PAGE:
With the start of a new legislative session and the Democratic takeover of the State Senate at the beginning of 2019, one thing it means is that I will no longer be serving as the Chair of the Senate Environmental Conservation Committee.
This assignment has been a highlight of my legislative service, one that I have truly valued since 2015, most of all because the past several years are widely regarded as one of New York State’s most productive eras in environmental conservation. A fully funded Environmental Protection Fund. The establishment of the Water Quality Infrastructure Improvement Act and the largest investment we have ever made in water quality. Combatting invasive species and, this year, harmful algal blooms. Habitat preservation. The list of achievements goes on and on, however I will just say that it has been a privilege to play a part in helping advance a better and stronger short- and long-term future for environmental conservation and protection regionally and statewide.
In a legislative context, my official role changes beginning in the New Year. My commitment and priorities do not.
For example, in my capacity as the Environmental Conservation Committee chair, the Senate has consistently approved, with strong bipartisan support, legislation I sponsor to enact the “Paint Stewardship Program” and the “Solar Panel Collection Act.” Each of these measures have failed to make it through the state Assembly, however I will reintroduce them again next year and continue to fight for their enactment. They remain incredibly important.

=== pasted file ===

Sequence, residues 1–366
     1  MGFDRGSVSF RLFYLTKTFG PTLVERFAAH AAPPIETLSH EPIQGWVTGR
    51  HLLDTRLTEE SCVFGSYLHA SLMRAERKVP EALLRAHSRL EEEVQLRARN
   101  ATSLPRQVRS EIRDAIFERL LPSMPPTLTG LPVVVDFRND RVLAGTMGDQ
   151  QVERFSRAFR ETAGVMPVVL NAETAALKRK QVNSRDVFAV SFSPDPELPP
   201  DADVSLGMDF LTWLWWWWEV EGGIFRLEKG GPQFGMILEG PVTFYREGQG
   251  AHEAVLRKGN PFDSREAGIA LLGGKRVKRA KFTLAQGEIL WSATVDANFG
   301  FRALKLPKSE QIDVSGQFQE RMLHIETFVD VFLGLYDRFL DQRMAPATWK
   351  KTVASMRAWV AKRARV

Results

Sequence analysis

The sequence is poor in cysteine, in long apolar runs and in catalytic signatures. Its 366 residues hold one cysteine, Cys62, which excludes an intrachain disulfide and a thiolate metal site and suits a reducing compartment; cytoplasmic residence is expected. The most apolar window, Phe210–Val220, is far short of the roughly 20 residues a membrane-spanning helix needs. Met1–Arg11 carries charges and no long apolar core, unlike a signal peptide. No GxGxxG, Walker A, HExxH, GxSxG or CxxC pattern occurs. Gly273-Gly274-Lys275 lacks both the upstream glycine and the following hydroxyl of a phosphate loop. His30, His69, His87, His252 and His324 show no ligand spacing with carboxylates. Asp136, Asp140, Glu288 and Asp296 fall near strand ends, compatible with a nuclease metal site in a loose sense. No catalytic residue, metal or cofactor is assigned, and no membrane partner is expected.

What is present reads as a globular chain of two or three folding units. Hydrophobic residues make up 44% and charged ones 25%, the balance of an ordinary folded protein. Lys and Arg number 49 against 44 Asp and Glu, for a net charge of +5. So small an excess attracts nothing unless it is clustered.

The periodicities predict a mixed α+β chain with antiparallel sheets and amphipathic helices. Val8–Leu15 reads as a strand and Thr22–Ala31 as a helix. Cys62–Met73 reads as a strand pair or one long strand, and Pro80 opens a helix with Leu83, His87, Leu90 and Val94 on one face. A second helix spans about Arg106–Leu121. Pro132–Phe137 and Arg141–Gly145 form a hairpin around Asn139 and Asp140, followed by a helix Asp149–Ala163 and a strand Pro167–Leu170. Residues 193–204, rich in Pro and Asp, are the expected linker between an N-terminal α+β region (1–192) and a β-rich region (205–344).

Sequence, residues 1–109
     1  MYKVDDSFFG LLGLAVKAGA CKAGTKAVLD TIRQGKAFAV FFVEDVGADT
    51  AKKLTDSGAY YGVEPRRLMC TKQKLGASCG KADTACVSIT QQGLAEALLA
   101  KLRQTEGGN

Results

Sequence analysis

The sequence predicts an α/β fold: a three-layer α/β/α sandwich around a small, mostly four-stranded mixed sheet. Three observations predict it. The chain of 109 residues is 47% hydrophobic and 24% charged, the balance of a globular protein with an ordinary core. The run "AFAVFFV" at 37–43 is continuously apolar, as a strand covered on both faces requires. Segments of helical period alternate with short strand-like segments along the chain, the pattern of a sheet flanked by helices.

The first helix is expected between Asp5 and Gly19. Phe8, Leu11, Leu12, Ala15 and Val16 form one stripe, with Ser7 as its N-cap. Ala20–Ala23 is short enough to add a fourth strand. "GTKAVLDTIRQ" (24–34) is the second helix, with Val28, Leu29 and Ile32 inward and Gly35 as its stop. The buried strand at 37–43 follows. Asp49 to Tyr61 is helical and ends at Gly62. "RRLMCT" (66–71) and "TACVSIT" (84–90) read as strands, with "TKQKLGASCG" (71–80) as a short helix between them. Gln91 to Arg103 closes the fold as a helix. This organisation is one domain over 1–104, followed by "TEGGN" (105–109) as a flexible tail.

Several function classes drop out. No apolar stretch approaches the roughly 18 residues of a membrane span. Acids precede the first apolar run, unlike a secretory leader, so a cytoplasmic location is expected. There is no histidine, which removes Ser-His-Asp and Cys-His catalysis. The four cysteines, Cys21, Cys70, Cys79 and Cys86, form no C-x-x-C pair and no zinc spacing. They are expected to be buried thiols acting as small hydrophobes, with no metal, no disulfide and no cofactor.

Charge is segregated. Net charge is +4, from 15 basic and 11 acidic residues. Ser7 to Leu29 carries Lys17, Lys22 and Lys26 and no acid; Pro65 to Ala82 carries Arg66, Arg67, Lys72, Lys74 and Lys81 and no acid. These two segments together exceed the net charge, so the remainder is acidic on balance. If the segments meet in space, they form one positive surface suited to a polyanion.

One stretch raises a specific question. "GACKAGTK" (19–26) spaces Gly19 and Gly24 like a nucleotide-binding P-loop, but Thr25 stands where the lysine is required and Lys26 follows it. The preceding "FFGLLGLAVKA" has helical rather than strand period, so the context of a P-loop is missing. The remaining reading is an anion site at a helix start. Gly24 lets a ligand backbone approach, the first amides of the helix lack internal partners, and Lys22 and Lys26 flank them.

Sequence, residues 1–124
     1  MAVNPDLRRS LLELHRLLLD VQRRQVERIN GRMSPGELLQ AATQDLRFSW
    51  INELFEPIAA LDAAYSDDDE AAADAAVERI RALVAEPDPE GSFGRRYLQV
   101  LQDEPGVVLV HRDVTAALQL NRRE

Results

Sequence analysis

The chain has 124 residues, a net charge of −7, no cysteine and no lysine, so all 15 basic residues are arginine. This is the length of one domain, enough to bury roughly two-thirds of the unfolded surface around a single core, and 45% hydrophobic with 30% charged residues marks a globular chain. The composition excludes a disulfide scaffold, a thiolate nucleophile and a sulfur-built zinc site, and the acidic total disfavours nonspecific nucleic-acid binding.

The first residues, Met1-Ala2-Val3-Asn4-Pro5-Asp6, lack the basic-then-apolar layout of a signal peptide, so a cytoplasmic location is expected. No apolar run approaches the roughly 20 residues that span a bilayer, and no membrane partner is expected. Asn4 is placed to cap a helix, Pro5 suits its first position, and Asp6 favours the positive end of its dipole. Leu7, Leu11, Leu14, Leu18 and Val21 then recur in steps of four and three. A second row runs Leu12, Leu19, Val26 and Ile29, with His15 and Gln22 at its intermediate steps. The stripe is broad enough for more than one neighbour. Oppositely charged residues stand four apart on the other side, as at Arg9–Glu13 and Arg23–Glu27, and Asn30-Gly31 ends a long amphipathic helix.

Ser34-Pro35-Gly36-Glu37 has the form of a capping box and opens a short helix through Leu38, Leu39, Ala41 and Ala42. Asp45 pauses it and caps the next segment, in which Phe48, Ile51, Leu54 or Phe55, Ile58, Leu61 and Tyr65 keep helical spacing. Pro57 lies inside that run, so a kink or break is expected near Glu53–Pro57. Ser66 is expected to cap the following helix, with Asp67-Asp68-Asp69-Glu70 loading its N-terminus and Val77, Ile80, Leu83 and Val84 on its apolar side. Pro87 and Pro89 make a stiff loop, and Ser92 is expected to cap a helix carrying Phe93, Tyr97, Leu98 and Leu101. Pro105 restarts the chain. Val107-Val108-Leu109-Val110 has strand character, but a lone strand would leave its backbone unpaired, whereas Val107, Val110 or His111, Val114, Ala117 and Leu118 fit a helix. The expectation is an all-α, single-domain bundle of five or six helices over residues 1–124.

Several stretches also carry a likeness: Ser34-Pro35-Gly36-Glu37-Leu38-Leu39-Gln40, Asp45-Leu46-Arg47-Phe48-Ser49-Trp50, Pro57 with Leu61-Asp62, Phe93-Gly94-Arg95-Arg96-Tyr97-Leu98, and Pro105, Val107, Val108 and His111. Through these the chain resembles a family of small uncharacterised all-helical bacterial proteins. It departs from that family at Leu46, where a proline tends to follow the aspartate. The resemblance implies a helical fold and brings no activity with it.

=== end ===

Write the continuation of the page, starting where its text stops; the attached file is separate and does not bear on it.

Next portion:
The “Solar Panel Collection Act” would establish, working together with the solar panel manufacturing industry, a solar panel recycling and disposal program to facilitate the collection and recycling of out-of-service solar panels. Manufacturers would finance the program.
As New York State continues to move aggressively forward on developing and utilizing renewable energy — and we absolutely should — the bases need to be covered. This includes staying ahead of the potential need to collect and properly dispose of or recycle out-of-service solar panels. This legislation offers a commonsense, proactive, economically, and environmentally sound approach to managing photovoltaic waste and keeping it out of landfills.
Likewise, the establishment of an industry-sponsored “Paint Stewardship Program” would reduce a costly burden on local governments and local taxpayers currently responsible for collecting and disposing of most post-consumer, unused paint. The New York State Association of Counties, among other supporters, states that the legislation would create local jobs, provide fiscal relief to local property taxpayers, and encourage the environmentally sound recycling and disposal of unused paint in New York State.
The national Product Stewardship Institute (PSI) estimates that nearly 4 million gallons of paint go unused each year in New York State — with the costs of collecting and managing the paint’s disposal mostly falling on local governments to the tune of $25 million annually. Paint stewardship laws been enacted in eight states (California, Colorado, Connecticut, Maine, Minnesota, Oregon, Rhode Island and Vermont) and Washington D.C. According to the PSI, these laws have already resulted in more than $69 million in taxpayer savings, created over 200 jobs, and led to the recycling of over 17 million gallons of high quality paint.
Each of the above initiatives is an example of how government and industry can work together to implement effective environmental policies and programs. Seeking common ground and cooperation, rather than government cramming unreasonable demands down the throat of industry, can help give New York State a more business friendly environment and actually result in better, more workable laws. Working together will go a long ways on reaching an end-result on other important issues that would benefit our state fiscally, economically, and environmentally.